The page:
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July 25 - August 9, 2012
Torrential rains inundated the northern Philippines in early August 2012. The Philippine National Disaster Risk Reduction and Management Council stated that monsoon rains enhanced by Typhoon Haikui led to flooding. By August 7, flood waters were neck deep in parts of the capital city of Manila. By August 11, the death toll stood at 65, The Philippine Star reported. More than 600,000 residents had been displaced, and crops and fisheries had sustained severe losses.
This map shows rainfall totals in the Philippines and the surrounding region from July 25 to August 9, 2012. The heaviest rainfall—more than 900 millimeters (35 inches)—appears in dark blue. The lightest rainfall—less than 100 millimeters (4 inches)—appears in light green. Trace amounts of rain appear in yellow. The heaviest rainfall is concentrated immediately west of the northern Philippines, and some of the very heavy rain extends into Manila.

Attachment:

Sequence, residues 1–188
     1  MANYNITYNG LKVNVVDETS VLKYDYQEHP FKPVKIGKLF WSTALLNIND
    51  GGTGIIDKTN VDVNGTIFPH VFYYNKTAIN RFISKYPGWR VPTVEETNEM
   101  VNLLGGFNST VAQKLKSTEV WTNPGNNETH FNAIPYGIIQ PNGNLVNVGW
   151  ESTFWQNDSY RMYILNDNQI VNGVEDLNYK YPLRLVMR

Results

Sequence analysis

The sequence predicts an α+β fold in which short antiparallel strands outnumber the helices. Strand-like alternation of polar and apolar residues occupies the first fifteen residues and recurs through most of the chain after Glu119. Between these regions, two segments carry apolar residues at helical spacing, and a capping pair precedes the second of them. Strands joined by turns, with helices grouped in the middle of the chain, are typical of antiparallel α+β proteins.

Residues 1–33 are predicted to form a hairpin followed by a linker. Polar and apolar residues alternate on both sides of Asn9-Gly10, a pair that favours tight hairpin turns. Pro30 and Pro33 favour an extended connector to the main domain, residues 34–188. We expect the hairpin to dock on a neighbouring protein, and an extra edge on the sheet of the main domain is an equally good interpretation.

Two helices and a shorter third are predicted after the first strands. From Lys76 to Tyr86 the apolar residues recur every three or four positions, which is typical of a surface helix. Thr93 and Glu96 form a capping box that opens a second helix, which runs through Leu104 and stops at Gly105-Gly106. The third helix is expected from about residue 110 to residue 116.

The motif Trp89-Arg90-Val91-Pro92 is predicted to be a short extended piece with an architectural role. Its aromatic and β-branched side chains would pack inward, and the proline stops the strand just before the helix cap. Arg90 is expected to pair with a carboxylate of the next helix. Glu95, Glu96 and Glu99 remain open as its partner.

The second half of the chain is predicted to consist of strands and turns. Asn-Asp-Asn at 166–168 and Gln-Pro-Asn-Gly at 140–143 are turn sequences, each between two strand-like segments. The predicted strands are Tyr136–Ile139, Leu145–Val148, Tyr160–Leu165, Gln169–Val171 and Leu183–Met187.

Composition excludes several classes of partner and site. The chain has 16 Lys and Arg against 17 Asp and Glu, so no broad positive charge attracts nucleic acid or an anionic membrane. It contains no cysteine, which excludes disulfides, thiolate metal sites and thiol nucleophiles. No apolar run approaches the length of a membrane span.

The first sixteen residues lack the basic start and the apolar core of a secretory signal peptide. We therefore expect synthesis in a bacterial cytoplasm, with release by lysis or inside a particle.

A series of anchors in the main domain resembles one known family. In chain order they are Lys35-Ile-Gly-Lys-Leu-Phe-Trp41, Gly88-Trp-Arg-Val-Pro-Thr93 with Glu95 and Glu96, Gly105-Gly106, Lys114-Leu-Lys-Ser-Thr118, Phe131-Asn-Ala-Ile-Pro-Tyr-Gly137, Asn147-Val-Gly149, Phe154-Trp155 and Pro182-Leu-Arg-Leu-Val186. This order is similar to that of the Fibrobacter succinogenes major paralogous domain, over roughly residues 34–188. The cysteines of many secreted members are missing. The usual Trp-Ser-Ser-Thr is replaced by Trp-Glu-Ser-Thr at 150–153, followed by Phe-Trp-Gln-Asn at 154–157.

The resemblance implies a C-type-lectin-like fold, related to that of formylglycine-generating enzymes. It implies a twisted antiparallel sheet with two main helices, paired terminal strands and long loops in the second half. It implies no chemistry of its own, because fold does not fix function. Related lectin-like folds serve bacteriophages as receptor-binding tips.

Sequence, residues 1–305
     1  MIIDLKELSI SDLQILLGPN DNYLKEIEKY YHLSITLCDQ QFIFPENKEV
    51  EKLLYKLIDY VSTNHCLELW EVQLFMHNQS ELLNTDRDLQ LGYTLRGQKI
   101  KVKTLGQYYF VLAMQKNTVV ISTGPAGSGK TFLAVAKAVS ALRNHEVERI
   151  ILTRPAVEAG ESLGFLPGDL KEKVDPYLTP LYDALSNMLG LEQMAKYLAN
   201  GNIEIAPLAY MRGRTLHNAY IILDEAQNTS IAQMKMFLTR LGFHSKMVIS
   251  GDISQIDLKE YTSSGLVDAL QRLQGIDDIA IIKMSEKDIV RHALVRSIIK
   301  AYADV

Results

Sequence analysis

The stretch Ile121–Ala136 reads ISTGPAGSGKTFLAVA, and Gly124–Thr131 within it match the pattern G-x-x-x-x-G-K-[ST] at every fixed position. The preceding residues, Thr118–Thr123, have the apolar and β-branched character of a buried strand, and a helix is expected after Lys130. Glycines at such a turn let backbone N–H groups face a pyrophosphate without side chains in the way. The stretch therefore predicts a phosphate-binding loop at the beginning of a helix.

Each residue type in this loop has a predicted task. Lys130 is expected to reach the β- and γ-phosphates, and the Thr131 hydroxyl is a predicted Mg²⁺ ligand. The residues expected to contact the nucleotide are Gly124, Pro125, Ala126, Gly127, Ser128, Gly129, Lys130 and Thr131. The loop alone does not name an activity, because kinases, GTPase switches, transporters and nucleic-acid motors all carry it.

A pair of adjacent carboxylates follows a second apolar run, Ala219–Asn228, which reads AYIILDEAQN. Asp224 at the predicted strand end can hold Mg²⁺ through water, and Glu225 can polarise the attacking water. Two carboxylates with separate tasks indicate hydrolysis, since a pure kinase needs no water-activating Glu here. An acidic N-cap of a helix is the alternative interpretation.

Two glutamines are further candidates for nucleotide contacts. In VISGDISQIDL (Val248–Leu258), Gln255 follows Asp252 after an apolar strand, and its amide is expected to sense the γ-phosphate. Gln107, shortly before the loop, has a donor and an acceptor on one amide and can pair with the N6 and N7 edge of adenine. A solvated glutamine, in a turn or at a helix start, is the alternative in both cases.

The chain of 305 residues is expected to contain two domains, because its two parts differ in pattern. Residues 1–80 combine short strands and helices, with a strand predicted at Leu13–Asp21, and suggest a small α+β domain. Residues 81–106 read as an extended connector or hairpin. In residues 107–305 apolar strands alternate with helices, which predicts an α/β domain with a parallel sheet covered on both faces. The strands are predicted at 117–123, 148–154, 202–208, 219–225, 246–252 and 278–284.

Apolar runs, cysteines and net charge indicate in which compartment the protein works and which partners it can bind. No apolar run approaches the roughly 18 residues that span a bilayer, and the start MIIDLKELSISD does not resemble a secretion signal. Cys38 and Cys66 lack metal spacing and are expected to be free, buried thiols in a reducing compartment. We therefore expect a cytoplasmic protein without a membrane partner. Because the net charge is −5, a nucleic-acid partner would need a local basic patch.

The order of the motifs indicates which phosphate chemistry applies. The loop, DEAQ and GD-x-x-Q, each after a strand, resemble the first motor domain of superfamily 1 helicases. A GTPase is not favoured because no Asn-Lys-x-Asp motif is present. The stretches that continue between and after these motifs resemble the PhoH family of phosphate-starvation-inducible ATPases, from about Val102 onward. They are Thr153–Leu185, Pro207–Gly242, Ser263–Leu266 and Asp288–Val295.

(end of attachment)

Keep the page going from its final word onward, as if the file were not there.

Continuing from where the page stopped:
This image is based on data from the Multisatellite Precipitation Analysis produced at NASA’s Goddard Space Flight Center, which estimates rainfall by combining measurements from many satellites and calibrating them using rainfall measurements from the Tropical Rainfall Measuring Mission (TRMM) satellite. Because this image is an estimate of the rainfall recorded over a very large area when the satellites are overhead, it may miss pockets of heavy rain in smaller areas, or short periods of more or less intense rain. As a result, local rainfall totals measured from the ground may differ from the estimates shown here.
The monsoon floods struck shortly after Typhoon Saola claimed dozens of lives in the Philippines. On August 10, 2012, authorities reported that rescue operations for the latest round of flooding continued through the Manila metropolitan area. Meanwhile, forecasters warned that more rain could fall on the northern Philippines over the coming days.
This analysis shows rainfall estimates for Manila and the surrounding region from September 21 to 27, 2009. The heaviest rainfall amounts appear in blue and the lightest amounts appear in pale green. Gray shading indicates topography.